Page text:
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display elapsed time during the program is running

Posted on 2004-04-02
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Last Modified: 2010-04-15
How can I display the time elapsed while I have the program running?

For example in the following format:
min:sec
01:01
10:04
24:59

Thanks

0
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Question by:ericworldz
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17 Comments
 
LVL 3

Expert Comment

by:1ce
ID: 10743999
one way of doing it is using the system clock

#include <time.h>

clock_t start,stop;
int seconds;


.....
start=clock();
//somecode
//somecode
//somecode
stop=clock();

seconds=(stop-start)/CLOCKS_PER_SEC;

printf("%d:%d",seconds/60;seconds%60);




0
 

Author Comment

by:ericworldz
ID: 10744235
What does this mean?
start=clock();
//somecode
//somecode
//somecode
stop=clock();


I want the time to keep on displaying and counting up while the program is running.
0
 
LVL 2

Expert Comment

by:timbauer
ID: 10745051
Here is a trick. Use the '\r' character.
The form feed moves the output back to the beginning of the line.

1. So at the start of the program make a global variable.
clock_t start;

2. Beginning of main initialize start with
start=clock();

3. Make a function "print_time"
void print_time(void){
  int seconds;
  clock_t now;

  now = clock();
  seconds=(now -start)/CLOCKS_PER_SEC;

  printf("\r"); //go to the beginning of the line
  printf("%d:%d",seconds/60;seconds%60);
}

4. Periodically sprinkle calls to print_time();
And it will overwrite the "time" line. With the current time.

Keep in mind you cannot output anything else.
As that will clobber your line.



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LVL 17

Expert Comment

by:mokule
ID: 10745629
Should be

printf("%02d:%02d",seconds/60;seconds%60);

to achieve desired format.
And what about hours
0
 
LVL 17

Expert Comment

by:mokule
ID: 10745640
Correction.. Everybody doing the same :)

printf("%02d:%02d",seconds/60,seconds%60);
0
 
LVL 2

Expert Comment

by:timbauer
ID: 10749060
The current solution will just try and pack minutes into a 2 digit field.
It will wrap at 99 minutes. Good idea to use the fixed width fields.

printf("\r");
printf("%010d:%02d",seconds/60,seconds%60);

This will work for > 4000 years or rather whenever clock() wraps around.
Then it will wrap around.
0
 
LVL 17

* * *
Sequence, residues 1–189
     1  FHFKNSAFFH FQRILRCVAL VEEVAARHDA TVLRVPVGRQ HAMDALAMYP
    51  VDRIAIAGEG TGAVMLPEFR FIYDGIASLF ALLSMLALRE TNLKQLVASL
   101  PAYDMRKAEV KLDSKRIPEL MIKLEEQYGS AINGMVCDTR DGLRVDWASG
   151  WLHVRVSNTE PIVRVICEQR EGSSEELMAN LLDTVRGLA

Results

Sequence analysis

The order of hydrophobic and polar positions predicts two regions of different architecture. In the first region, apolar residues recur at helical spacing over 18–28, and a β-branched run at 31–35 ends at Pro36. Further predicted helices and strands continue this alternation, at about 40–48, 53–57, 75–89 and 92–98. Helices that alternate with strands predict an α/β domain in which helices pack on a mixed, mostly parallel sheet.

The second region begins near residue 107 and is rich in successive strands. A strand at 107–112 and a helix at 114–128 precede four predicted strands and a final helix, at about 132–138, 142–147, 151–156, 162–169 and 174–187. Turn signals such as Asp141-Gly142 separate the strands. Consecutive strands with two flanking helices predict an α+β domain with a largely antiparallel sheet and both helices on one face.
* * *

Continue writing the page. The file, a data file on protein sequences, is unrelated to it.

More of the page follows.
Expert Comment

by:mokule
ID: 10749163
I think that hours may be used, but ericworldz should decide what should be done.
0
 

Author Comment

by:ericworldz
ID: 10756728
Timbauer,
I think there's another problem with using clock(), that only gives me the CPU time the program has used and not the actual elapsed time that the program has been running.

0
 

Author Comment

by:ericworldz
ID: 10756737
This is what I have thus far:

void printtimer()
{
      int       m, s, seconds;
      char       buf[36];
      clock_t stop;
      
      sleep(1);
      stop=clock();
      seconds=(stop-start)/CLOCKS_PER_SEC;
      m = seconds/60;
      s = seconds%60;
      move(4,COLS-35);
      sprintf(buf, "TOTAL TIME: %d:%02d", m, s);
      printw(buf);
      refresh();
}
0
 
LVL 17

Expert Comment

by:mokule
ID: 10756803
I would do it rather like this

void printtimer()
{
     int      m, s, seconds;
     static int m_prev = -1;
     static int s_prev = -1;
     char      buf[36];
     clock_t stop;
     
/*     sleep(1);*/
     stop=clock();
     seconds=(stop-start)/CLOCKS_PER_SEC;
     m = seconds/60;
     s = seconds%60;
/* print if time changed */
     if((m != m_prev) || (s != s_prev))
        {
        move(4,COLS-35);
        sprintf(buf, "TOTAL TIME: %d:%02d", m, s);
        printw(buf);
        refresh();
        m_prev = m;
        s_prev = s;
        }
}
0
 

Author Comment

by:ericworldz
ID: 10757130
Problem using the clock() -- that only gives me the CPU time the program has used and not the actual elapsed time that the program has been running.

Is there another function that I can use to get the elapsed time that the program has been running?
0
 
LVL 17

Expert Comment

by:mokule
ID: 10757265
time_t time(time_t *timer);

0
 

Author Comment

by:ericworldz
ID: 10757651
mokule,

time gives me the total seconds the program has been running?
0
 

Author Comment

by:ericworldz
ID: 10757667
how do i use it with the printtimer function?
0
 
LVL 17

Expert Comment

by:mokule
ID: 10758033
time gives the current time, in seconds, elapsed since 00:00:00 GMT, January 1, 1970, and stores that value in the location pointed to by timer, provided that timer is not a NULL pointer.
Thus You should use it similar like clock except not to divide by a constant.
0
 

Author Comment

by:ericworldz
ID: 10758069
please clarify.
0
 
LVL 17

Accepted Solution

by:
mokule earned 50 total points
ID: 10758448
void printtimer()
{
....
      time_t stop;
     
     stop=time(NULL);
     seconds=stop-start;
 
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